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Consequences of the Dollar's Decline
10/14/2009 12:00 pm EST
Pamela and Mary Anne Aden, editors of The Aden Forecast, say even if the US dollar loses its status as the world’s reserve currency, it won’t be the end of the world.
The US dollar fell again this month, to another new one-year bear market low. This is really nothing new.
The dollar has actually been falling for nearly 40 years, ever since 1971. That’s when President Nixon eliminated the dollar’s last link to gold.
From that point on, the US dollar became just another paper currency. The government could then spend what it wanted, and more dollars were simply created to pay for it. As more dollars were created, it made the dollar worth less. And as you’d expect, the US dollar has lost nearly 80% of its value against the major currencies since 1971.
This process will not only continue, but it’s now intensifying, because of the massive amount of deficit spending that’s taking place. Several countries are already taking action, and global dollar reserves recently hit a ten-year low. Momentum is clearly growing against the dollar’s role as the world’s reserve currency.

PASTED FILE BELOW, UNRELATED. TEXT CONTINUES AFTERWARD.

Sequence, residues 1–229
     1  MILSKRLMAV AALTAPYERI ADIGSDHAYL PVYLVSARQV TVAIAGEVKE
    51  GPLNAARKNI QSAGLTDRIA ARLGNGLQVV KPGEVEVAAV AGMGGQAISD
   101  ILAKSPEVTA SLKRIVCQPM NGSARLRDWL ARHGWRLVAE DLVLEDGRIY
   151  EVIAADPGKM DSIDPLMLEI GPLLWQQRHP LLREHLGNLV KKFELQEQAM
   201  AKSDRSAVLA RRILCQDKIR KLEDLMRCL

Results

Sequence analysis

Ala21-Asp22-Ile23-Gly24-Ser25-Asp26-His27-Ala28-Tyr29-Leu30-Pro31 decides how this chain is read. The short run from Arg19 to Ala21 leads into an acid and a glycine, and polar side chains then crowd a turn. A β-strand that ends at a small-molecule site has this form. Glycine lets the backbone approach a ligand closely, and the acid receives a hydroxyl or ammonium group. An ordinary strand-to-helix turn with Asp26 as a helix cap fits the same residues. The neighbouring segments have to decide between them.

Reserve status is a privilege. Over the centuries, several countries have held this position, and they were normally the most powerful and sound nations, both economically and fiscally. That used to be the case for the US, but the US is currently the world’s largest debtor nation, and debtor nations are simply not entitled to this status.
So, the big question is, will the end come sooner or later? Our guess is that once the dollar breaks down to new record lows, the decline will intensify, and so will the calls for an alternative global reserve currency. But there isn’t a replacement waiting in the wings. The alternative, therefore, could end up becoming a basket of currencies.
This would be very bad news for the US, because it could no longer print the currency that their debt is denominated in. The US standard of living would decline, and there would be dozens of other repercussions involving trade, social issues, and so on.
Many believe that China is gearing up to eventually take over this reserve status role. China has been boosting its gold holdings by large amounts. It plans to increase these gold reserves even more, and it’s been encouraging its citizens to buy gold, too.
What would happen if China were to partly back its currency with gold? Money would move out of the dollar into yuan, and it would gain reserve status around the world.
Whatever the final outcome, none of this will likely happen in the near future. It’s a slow process but over the long run the US would learn to cope, like Britain did nearly 100 years ago. It’s doing just fine, and the same goes for Spain, France, and other countries who had this privilege in the past and lost it.
So, contrary to what many say, the end of reserve status doesn’t have to be a death sentence. Things will change, there will be painful adjustments, but it’s all happened before, and it will again.
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